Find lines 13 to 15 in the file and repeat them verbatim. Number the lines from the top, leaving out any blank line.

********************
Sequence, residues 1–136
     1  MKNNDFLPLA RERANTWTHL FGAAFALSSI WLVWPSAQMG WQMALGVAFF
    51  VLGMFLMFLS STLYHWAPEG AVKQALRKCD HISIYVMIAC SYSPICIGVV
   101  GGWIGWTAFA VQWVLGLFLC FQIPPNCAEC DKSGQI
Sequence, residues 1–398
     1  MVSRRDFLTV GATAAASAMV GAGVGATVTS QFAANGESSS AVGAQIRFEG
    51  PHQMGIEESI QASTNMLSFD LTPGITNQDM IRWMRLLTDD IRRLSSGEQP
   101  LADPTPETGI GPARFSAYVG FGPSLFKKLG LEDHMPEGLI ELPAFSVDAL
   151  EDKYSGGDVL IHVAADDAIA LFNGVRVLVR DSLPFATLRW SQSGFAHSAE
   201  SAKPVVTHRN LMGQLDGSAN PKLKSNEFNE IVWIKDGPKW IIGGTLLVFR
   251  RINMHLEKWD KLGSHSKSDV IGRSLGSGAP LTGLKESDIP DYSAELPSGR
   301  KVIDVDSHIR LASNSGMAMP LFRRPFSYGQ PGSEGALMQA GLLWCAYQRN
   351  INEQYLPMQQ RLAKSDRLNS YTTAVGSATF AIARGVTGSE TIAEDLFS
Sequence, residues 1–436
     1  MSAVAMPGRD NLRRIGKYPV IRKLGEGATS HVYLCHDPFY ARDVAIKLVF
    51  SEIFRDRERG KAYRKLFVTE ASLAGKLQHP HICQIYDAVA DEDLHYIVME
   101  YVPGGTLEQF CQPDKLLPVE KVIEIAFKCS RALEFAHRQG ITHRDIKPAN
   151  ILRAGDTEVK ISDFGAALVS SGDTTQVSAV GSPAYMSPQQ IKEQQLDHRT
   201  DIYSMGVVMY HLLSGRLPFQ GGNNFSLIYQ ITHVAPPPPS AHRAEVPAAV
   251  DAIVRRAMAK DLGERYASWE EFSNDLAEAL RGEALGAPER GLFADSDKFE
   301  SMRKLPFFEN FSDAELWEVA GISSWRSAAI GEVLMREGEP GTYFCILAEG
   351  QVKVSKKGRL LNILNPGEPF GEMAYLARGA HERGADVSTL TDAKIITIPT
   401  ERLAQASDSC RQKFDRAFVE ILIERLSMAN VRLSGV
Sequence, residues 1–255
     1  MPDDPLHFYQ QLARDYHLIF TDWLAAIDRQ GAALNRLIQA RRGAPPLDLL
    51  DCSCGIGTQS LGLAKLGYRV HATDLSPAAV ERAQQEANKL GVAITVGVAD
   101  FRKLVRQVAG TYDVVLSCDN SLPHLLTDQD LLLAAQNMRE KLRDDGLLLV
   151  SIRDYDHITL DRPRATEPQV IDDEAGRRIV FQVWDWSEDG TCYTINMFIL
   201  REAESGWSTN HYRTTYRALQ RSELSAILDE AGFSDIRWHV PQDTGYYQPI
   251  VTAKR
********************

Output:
   351  INEQYLPMQQ RLAKSDRLNS YTTAVGSATF AIARGVTGSE TIAEDLFS
Sequence, residues 1–436
     1  MSAVAMPGRD NLRRIGKYPV IRKLGEGATS HVYLCHDPFY ARDVAIKLVF